SINGAPORE: Singapore on Friday banned foreign companies from funding an annual gay pride rally as part of new rules governing protests, leading rights campaigners to label the move "outrageous interference".
Starting next month, only citizens, organisations and companies from Singapore will be allowed to sponsor or participate in activities at Speakers' Corner -- the city's sole designated protest area -- according to the ministry of home affairs.
"Non-Singapore entities will need a permit if they want to engage in such activities relating to a Speakers' Corner event," the ministry said in a statement.
Singapore has long taken a hard line on what it considers foreign interference in domestic politics and has often been criticised by human rights groups for clamping down on political freedoms.
Human Rights Watch urged foreign companies with regional headquarters in Singapore to reconsider the city state's suitability as a business location.
"The Singapore government is not going to be satisfied until civil society in Singapore lives on the ground gagged and bound.
"This is an outrageous interference in the right to freedom of association and a clear continuation of Singapore's anti-LGBT bias," the group's deputy director for Asia, Phil Robertson, said.
The move followed a government warning in June after multinationals led by Facebook, Google and Goldman Sachs sponsored a gay pride rally called Pink Dot as part of their corporate equal-opportunity initiatives.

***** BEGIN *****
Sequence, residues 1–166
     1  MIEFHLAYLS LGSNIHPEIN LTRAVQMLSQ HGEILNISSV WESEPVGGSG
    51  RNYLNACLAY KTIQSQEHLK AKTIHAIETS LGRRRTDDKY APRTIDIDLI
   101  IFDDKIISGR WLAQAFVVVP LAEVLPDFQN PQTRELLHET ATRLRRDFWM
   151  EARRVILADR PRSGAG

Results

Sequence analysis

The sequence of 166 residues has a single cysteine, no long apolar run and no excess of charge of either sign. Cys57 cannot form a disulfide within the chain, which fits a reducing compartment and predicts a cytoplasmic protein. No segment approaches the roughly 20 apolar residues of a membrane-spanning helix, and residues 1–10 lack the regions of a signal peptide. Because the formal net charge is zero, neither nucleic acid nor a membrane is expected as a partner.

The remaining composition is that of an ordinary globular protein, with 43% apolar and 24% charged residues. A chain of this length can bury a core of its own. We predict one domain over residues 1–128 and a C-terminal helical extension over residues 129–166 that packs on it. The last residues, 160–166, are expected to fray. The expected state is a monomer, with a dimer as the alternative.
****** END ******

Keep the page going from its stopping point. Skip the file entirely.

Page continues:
The rally, which started in 2009, has attracted crowds of up to 28,000 despite a backlash from conservative groups in the multi-racial nation of 5.6 million, where protests are strictly controlled.
In a statement, Pink Dot's organisers said they were "disappointed" but "respect and understand" the government's position.
"In light of the new rules, we call on more Singaporeans and local companies, who share in our desire and vision for a more diverse and inclusive Singapore, to step forward to support us in Pink Dot 2017," the statement added.
Open support for gay rights has grown in the wealthy city-state in recent years, aided by changing social norms among the younger generation and a large influx of tourists and expatriates.
However Singapore's top court in 2014 upheld a law dating back to British colonial rule that criminalises sex between men.
Last year Prime Minister Lee Hsien Loong said the country was not ready to legalise same-sex marriage, but insisted that the gay community was not discriminated against.
A government source told AFP the announcement was an "affirmation of a long-standing policy" preventing foreigners from participating in demonstrations at Speakers' Corner.
Speakers' Corner opened in 2000 and is loosely modelled on the free-speech area of London's Hyde Park.
Only Singapore citizens and permanent residents are allowed to take part in protests in the area without police permits. Speeches must also avoid inciting religious or racial hatred.